I don’t deny for one moment that this happened. But what do those in the Church who make this criticism think is happening at the moment by how they are allowing the Gospel to be identified with the social justice movements of our day? The so-called ‘colonialist’ missionaries sincerely thought their ideology was good, true, and even Biblical in the way that present day social activists think theirs is too. We are all children of our age, which is precisely why St Paul tells us that we are not to be ‘conformed to this age’, but to be ‘transformed by the renewing of our minds’.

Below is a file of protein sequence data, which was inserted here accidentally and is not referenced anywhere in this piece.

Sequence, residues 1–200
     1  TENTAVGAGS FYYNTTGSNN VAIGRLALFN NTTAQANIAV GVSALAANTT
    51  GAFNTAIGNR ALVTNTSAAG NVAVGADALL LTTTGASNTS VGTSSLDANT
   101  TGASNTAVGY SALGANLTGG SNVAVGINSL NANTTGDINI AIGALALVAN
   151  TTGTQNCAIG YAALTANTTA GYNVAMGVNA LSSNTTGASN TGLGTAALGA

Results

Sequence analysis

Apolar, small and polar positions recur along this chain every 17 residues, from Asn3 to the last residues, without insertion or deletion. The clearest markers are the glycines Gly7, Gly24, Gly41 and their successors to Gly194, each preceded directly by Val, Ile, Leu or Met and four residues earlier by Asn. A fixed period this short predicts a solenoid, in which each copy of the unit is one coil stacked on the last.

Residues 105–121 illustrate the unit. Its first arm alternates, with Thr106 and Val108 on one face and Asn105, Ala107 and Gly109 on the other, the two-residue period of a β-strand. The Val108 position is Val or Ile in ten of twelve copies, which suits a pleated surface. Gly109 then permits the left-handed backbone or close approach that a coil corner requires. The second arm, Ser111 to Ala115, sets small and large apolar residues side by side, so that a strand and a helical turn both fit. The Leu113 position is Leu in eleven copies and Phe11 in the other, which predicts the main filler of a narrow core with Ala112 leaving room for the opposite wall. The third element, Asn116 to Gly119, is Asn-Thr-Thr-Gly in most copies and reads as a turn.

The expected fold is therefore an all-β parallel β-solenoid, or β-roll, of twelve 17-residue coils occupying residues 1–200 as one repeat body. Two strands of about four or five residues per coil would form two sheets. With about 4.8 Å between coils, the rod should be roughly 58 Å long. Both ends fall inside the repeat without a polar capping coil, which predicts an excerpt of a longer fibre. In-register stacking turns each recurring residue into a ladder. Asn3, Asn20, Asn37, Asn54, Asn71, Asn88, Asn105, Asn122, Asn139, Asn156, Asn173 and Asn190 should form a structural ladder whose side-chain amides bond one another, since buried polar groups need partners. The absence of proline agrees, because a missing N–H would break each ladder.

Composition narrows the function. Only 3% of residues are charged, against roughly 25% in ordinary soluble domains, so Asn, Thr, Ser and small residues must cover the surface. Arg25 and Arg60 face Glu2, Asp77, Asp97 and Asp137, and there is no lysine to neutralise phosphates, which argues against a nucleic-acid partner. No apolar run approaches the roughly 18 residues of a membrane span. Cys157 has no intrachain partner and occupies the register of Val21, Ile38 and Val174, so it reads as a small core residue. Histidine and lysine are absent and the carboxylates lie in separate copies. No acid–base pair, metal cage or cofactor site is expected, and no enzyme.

Those in the Church who adopted a colonial mentality in the past were wrong to be conformed to the thinking of their age as are the social activists of our own age. What all ages have in common, apart from their sin, is the need for those who live in them to be saved. Which brings us back to one of the reasons that St Paul wants order and government to work in this world, even if it means God using sinners to provide it. In 1 Timothy, chapter 2, St Paul writes that

‘First of all, then, I urge that supplications, prayers, intercessions, and thanksgivings be made for everyone, for kings and all who are in high positions, so that we may lead a quiet and peaceable life in all godliness and dignity. This is right and is acceptable in the sight of God our Savior, who desires everyone to be saved and to come to the knowledge of the truth.’ (1 Timothy 2:1-4)